Tuesday, August 21, 2018

Pageant of the Masters: Frozen Fun on a Warm Evening

Ultimate Challenge sculpture, Huntington Beach, CA

What do Arrested Development and Gilmore Girls have in common with the artsy seaside community of Laguna Beach, California? Episodes of these two well-loved TV series have borrowed from Laguna Beach the concept of a pageant in which live performers pose, frozen in place, to simulate famous works of art. 

These tableaux vivants (or “living pictures”) are an old-fashioned idea, from the days well before TV and movies, when entertainment needed to be simpler and more home-grown. I remember from my girlhood a sweet scene in Louisa May Alcott’s 1880 novel, Jack and Jill, in which the novel’s main characters posed as characters from American history, culminating in one young fellow impersonating Daniel Chester French’s famous statue, The Minuteman. But the impulse to mimic sacred works of painting and sculpture can be traced back to the Medieval church. And, centuries later, titillating shows like the Ziegfeld Follies enjoyed turning semi-draped young women into living sculpture.

Enough history lesson! Laguna’s so-called Pageant of the Masters, which has been around since 1933, is a triumph of community spirit. Hundreds of local volunteers, under the direction of a small and devoted paid staff, gather each summer for eight weeks of posing in the name of art appreciation. And a quarter of a million viewers gather in comfortable outdoor surroundings to marvel at what costumes, lighting, stage sets, and deep dedication can do. A lively narration, a few dancers, some gimmickry. and a live orchestra playing appropriate tunes add much-needed pizzazz: there is only so long you can marvel at living paintings before you start wanting SOMETHING to break up the stillness.

The 2018 theme is “Under the Sun,” featuring works of art set in natural surroundings. Some are by true masters like Monet and Gauguin: the Laguna folks ably reproduce impressionistic oil paintings set in Giverny and Tahiti. But this year’s pageant also salutes artists closer to home, including a few twentieth-century plein air painters who were involved in the festival’s founding. There are also some imaginative touches, like reproductions of those enticing California citrus labels, with their Indian maidens and bathing beauties on full display. Just for fun, this scene is punctuated by giant plastic “oranges” that bounce across the stage, to the crowd’s delight.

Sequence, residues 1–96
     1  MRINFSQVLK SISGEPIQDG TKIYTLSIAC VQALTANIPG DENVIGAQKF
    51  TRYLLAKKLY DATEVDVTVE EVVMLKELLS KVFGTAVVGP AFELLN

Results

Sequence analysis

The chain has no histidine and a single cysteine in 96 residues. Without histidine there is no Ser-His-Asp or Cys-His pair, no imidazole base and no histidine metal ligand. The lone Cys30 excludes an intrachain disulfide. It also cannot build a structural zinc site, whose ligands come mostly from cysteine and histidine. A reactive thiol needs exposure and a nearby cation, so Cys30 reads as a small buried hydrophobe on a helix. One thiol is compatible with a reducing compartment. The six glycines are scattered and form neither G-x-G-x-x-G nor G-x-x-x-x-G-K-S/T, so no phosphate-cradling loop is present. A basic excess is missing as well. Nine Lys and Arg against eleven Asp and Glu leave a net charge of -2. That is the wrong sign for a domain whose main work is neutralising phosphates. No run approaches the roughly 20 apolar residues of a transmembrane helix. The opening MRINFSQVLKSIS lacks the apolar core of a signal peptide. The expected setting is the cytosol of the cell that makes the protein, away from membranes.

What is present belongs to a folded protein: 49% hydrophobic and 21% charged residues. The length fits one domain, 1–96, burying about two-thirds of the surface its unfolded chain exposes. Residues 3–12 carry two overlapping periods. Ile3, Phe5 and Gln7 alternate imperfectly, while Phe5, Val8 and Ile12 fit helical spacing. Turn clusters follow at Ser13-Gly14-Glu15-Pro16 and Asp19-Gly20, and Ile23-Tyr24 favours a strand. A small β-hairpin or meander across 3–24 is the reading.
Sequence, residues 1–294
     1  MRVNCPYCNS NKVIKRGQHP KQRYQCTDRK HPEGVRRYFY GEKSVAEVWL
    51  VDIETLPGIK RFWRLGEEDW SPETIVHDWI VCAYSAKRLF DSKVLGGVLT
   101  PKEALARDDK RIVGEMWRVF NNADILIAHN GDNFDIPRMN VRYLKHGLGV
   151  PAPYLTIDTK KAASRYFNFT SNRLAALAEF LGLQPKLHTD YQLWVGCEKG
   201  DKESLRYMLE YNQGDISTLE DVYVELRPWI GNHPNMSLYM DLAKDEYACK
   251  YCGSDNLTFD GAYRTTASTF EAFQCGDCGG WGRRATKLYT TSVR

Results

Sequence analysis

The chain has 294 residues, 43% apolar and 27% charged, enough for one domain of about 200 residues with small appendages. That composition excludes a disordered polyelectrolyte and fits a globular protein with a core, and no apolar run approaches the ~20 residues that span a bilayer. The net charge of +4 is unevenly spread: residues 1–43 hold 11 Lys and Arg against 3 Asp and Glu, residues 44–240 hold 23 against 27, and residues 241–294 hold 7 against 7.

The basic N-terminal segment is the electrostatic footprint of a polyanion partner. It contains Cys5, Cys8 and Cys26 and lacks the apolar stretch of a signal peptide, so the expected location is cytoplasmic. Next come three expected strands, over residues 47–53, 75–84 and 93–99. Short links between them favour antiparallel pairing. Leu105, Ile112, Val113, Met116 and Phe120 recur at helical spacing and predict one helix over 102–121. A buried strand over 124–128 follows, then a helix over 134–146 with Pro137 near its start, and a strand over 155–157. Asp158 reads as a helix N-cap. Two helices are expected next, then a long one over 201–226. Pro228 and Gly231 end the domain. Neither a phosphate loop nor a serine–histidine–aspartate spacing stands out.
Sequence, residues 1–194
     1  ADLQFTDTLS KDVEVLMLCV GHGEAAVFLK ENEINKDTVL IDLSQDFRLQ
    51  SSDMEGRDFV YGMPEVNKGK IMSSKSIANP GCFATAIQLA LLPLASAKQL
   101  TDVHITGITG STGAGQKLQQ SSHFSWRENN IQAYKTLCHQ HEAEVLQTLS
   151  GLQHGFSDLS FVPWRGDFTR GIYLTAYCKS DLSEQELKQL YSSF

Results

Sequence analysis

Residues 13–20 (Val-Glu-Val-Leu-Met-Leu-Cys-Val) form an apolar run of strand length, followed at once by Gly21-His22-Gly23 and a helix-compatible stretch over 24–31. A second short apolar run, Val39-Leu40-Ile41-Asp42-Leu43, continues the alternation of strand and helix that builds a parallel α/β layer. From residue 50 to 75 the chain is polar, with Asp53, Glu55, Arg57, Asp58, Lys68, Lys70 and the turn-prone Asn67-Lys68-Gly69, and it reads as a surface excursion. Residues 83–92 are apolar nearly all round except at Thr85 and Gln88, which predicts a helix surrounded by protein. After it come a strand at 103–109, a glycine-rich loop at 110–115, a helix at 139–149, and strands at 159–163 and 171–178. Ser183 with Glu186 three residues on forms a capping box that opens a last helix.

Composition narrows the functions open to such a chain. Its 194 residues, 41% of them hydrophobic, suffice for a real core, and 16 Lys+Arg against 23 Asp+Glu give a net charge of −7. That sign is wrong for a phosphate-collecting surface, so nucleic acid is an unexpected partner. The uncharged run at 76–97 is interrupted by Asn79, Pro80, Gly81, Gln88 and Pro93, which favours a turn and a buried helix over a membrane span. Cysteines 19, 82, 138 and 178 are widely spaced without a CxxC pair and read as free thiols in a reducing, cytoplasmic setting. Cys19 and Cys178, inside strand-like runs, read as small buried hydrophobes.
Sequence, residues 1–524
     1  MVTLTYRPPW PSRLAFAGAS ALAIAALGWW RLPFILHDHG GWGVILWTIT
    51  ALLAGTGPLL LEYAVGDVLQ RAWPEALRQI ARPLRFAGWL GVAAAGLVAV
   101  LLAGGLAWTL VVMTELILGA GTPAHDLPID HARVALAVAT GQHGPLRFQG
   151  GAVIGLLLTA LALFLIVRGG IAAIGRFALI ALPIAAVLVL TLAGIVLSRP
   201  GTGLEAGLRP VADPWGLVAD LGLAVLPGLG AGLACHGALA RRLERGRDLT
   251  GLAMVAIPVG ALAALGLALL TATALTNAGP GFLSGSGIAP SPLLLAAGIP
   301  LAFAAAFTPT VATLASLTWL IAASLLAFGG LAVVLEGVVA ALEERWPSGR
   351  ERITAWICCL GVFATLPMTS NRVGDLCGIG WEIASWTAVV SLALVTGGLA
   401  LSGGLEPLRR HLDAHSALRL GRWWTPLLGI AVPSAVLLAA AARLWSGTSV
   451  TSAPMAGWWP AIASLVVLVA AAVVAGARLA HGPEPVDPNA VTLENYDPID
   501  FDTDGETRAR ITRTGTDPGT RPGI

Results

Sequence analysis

My favorite section, though,  focuses on one of California’s favorite outdoor sports: surfing. The orchestra strikes up a Beach Boys tune, and skateboarders whiz through the Irvine Bowl as a prelude to the curtain opening upon an ocean vista. Video projections (much used throughout the pageant to enhance our sense of nature’s majesty) here bring us the crash of ocean waves—waves much like those real ones a short walk away, just off the Laguna strand. But the highlight, of course, is the reproduction of a painting. It features a young man in an impossible pose, not moving a muscle while he crouches on his board, the surf spraying up behind him as he barely avoids a wipeout.

Several minutes later, there’s the depiction of another work of art featuring a surfer. This is Edmund Shumpert’s bronze statue, “Ultimate Challenge,” which immortalizes an iconic male figure riding a curl. The original stands in nearby Huntington Beach, which has officially dubbed itself Surf City U.S.A. The figure on the stage has been made up to look like bronze; somehow invisibly strapped to his board, he slowly turns on a revolving platform to give the audience the chance to see him in the round. His thighs must be silently screaming, but it’s a gnarly sight. Better, I’m sure, than George-Michael Bluth posing as Michelangelo’s Adam in the (almost) altogether. 

Poster featuring a local posing as a surfer

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